New paper on a metabolomic signature of acute caloric restriction
In our recent article published in the Journal of Clinical Endocrinology and Metabolism we used metabolomics to characterise the response to acute caloric restriction in unprecedented detail.
We know that caloric restriction, in this case eating only 200 calories a day, triggers a fall in the hormone leptin which in turn leads to increased hunger and a set of responses that act to conserve energy. Understanding these responses is important to understanding what happens with weight loss (which also lowers leptin) and to understanding how genes that disrupt this pathway can cause obesity.
In our study, we analysed 770 metabolites relating to the metabolism of carbohydrates, fats and proteins in 8 healthy lean men during three conditions: at baseline, after 48 hours of caloric restriction (10% of the usual daily caloric intake) and after 48 hours of refeeding. We identified a clear pattern that distinguished the three states and found new biomarkers of the response to acute caloric restriction which could be useful in other studies.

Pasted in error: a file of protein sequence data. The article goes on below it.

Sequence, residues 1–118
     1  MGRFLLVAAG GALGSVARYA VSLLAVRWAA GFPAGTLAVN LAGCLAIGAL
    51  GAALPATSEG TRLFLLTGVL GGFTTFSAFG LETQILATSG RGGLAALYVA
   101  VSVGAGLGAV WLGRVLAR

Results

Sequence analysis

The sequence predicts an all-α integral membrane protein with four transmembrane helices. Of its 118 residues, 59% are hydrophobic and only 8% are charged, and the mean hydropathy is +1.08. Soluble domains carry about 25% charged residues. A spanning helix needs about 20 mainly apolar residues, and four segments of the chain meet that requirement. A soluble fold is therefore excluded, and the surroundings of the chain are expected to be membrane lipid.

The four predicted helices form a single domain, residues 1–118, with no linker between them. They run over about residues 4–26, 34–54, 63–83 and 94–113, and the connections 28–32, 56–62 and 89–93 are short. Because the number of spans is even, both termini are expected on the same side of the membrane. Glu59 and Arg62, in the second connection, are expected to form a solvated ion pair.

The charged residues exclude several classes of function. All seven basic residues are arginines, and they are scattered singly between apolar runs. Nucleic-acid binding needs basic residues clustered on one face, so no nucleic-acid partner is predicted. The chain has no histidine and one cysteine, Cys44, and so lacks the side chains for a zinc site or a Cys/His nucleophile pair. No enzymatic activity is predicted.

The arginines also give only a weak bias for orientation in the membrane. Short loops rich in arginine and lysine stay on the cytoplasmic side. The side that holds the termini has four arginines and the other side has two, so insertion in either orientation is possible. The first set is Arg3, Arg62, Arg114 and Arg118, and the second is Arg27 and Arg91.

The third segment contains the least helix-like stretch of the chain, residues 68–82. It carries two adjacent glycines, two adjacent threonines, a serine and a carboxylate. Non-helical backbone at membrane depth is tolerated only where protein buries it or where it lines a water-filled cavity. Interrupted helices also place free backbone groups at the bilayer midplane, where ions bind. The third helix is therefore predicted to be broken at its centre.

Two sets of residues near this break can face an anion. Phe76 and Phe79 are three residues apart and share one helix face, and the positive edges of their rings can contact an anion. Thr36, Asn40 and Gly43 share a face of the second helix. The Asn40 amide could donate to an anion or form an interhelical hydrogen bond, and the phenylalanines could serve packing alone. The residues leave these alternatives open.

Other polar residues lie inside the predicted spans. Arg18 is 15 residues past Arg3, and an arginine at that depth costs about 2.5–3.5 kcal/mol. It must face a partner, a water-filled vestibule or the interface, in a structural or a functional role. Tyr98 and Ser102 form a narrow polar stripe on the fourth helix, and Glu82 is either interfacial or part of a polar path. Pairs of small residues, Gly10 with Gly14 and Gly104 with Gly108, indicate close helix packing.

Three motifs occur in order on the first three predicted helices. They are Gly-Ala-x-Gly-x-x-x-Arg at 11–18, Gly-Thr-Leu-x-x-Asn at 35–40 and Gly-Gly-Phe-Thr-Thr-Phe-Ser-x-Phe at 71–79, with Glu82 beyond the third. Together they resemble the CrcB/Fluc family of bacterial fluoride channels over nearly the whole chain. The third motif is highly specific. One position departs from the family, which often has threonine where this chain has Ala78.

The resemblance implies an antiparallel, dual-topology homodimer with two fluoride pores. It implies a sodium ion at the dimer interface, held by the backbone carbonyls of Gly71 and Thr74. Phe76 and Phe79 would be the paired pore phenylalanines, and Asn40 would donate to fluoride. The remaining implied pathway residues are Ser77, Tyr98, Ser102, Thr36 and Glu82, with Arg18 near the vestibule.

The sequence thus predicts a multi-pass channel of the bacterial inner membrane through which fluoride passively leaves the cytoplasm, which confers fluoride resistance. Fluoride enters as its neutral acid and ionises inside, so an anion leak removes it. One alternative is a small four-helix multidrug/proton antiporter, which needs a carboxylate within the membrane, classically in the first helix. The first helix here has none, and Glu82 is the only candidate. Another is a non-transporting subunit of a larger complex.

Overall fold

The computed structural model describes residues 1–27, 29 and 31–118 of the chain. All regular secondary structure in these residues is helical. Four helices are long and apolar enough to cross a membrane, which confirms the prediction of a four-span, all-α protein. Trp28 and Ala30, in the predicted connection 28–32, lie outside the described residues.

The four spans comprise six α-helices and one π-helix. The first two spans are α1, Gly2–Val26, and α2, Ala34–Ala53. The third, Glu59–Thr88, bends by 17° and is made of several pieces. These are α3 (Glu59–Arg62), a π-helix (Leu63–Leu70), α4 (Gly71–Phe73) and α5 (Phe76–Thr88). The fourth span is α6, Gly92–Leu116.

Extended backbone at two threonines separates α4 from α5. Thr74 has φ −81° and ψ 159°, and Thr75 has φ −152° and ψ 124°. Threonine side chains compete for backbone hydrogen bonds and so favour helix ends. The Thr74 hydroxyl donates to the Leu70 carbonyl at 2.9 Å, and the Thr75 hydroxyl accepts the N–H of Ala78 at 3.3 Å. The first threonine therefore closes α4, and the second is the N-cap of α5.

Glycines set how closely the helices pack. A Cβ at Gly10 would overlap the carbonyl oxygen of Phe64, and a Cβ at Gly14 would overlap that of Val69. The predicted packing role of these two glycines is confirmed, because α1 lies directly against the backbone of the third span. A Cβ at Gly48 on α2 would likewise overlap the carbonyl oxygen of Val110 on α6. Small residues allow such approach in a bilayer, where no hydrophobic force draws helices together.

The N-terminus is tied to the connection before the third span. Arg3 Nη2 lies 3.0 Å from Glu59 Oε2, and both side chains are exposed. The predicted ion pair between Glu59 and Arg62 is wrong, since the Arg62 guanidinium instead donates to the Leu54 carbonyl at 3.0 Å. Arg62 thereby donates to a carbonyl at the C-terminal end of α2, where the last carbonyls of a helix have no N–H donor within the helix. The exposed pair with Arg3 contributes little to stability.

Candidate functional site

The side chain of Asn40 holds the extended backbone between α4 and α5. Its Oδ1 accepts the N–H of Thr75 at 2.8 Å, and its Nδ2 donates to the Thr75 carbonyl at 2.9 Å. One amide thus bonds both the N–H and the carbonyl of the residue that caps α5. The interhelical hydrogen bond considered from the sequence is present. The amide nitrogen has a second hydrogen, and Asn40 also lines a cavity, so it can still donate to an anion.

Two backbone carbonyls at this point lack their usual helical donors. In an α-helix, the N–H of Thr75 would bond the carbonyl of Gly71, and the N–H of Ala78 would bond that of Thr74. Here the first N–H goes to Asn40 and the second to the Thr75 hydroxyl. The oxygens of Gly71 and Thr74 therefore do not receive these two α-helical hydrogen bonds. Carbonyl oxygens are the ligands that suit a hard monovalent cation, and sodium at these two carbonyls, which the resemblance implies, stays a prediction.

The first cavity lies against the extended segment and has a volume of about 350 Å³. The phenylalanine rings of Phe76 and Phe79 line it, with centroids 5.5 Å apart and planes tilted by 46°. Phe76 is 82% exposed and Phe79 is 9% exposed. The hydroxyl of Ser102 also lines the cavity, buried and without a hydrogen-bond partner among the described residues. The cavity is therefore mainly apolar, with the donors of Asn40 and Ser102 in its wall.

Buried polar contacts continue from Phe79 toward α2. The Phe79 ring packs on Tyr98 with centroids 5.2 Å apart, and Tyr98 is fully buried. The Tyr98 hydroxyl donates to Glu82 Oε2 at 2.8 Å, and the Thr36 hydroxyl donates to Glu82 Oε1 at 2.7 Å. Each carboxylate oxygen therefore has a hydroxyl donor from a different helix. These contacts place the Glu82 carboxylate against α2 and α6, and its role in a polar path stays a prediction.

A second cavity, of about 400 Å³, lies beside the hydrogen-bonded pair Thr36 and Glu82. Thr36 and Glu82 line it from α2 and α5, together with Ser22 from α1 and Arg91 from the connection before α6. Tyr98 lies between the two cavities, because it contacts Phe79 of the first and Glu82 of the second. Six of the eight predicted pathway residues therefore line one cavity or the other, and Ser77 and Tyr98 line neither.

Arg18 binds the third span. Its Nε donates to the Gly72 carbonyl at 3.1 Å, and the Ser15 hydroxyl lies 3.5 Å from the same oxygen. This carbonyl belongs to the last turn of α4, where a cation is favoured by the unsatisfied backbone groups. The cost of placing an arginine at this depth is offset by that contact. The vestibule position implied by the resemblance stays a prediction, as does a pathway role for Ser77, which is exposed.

These data will be accessible through a web-based tool which will allow researchers to visualise how different pathways respond to these physiological changes (link coming soon) and we hope stimulate new research.